Blanche is a woman from the Old South, harbouring the Antebellum Southern values and in denial of the dominance and inevitability of the influx of the modern values. Due to her denial, she creates the illusion that she’s a Southern Belle, a stock character that is an epitome of charm, grace, purity and obedience – a girl of the Old South. Blanche, however, knows she is no longer a Southern Belle and the audience understand this immediately when she “pours half a tumbler of whisky and tosses it down” but when asked about it she lies saying “I rarely touch it.” Alcohol creates a lack of self-control, representative of Blanche’s inability to control her actions that are opposite to the values of the old south, thus forcing her to create this illusion for herself and other people. She also uses illusions to manipulate Mitch into believing she is a refined and pure woman.
Blanche’s illusions are somewhat justified – as a woman she has no financial independence and no means of surviving on her own so her quest for a person to protect and care for her, despite the means, makes sense.Blanche has had a tragic past. The death of her relatives, the suicide of her husband and the collapse of the old south makes her metaphorical exclamation of witnessing the “long parade to the graveyard,” which would’ve seemed slightly melodramatic when first said, understandable. Perhaps Blanche’s tragic past is the reason behind her illusions – she understands the harsh reality of the world, having experienced it herself, and therefore she chooses to live in a world with “magic” where she can fulfil her fairy-tale-like life in her head. Blanche, however, soon starts believing her own illusions as they transform from a survival mechanism to the cause of her insanity. Her monosyllabic “Oh” in response to Stanley breaking down her illusions highlight her vulnerability without them – they were more than a means of manipulation; illusions were her way surviving.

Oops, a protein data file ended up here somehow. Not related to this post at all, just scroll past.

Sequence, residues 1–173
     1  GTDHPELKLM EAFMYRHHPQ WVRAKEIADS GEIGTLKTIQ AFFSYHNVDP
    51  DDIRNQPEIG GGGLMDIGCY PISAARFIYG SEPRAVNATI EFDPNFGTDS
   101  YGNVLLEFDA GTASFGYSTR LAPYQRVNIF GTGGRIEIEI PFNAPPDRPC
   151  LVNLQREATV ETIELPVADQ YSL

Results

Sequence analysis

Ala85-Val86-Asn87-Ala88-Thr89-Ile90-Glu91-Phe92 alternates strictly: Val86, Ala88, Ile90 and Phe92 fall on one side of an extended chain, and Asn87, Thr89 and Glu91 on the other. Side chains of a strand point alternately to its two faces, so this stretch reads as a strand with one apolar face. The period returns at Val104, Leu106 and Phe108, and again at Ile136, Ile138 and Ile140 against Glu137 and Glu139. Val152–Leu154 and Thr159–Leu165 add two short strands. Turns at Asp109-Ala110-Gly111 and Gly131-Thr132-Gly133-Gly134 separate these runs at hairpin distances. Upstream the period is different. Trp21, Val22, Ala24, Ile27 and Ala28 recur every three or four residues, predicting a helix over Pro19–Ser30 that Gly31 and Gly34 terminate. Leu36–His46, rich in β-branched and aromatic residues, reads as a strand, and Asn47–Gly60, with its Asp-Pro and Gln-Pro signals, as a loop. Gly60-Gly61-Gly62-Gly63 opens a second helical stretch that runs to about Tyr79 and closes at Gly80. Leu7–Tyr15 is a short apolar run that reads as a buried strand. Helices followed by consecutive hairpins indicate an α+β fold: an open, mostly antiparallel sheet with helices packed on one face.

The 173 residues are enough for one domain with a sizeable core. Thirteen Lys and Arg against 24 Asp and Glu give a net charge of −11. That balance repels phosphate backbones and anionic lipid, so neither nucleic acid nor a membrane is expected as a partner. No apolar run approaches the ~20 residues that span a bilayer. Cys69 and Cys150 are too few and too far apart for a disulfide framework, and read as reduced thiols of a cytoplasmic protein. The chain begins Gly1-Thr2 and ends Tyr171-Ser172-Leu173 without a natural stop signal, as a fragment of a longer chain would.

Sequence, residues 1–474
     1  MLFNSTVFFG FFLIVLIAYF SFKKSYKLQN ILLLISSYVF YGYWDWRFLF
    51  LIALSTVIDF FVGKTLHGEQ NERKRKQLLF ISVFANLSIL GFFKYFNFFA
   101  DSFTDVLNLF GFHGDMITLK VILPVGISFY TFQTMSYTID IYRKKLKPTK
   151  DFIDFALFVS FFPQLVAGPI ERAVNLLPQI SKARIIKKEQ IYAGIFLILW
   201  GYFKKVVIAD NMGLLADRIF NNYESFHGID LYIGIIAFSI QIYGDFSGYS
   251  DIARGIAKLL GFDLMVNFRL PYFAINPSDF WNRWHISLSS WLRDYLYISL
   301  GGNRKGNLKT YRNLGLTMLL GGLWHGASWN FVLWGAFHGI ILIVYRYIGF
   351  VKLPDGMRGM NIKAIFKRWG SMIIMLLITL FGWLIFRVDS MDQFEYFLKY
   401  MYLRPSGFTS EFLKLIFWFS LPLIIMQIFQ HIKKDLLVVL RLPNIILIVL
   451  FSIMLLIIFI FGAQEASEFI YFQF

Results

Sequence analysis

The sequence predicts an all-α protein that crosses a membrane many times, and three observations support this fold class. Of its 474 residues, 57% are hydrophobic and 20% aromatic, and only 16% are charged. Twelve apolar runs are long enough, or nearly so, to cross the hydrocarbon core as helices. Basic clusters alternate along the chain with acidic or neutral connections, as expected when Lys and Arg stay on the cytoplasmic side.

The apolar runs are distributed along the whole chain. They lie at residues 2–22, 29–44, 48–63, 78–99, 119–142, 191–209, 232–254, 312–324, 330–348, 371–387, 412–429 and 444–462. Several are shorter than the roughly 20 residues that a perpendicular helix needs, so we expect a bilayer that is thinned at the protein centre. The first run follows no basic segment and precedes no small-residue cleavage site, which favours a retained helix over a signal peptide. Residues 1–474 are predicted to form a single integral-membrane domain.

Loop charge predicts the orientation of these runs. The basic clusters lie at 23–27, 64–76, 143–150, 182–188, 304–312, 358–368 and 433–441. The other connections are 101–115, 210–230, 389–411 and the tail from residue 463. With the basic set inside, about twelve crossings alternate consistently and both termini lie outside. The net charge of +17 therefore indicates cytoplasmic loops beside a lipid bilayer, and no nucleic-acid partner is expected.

After the assault, Blanche falls into insanity completely as we hear the “Varsouviana filter into weird distortion.” The only aspect clear in Blanche’s mind was the death of her husband and even that is now unrecognisable. In fact, the “jungle cries” from Scene 10 are mixed in with the Varsouviana suggesting that it was the assault that plunged Blanche into madness.Blanche, arguably, is a tragic hero and her hamartia is desire. Through the symbolism of the streetcars named “Cemeteries” and “Desire” it conveys the idea that it is Blanche’s desire that has brought her to the Kowalski apartment where she is “not wanted and ashamed to be.” The Kowalski apartment is where Blanche meets her tragic downfall, suggesting that it was due to her desire that she went there.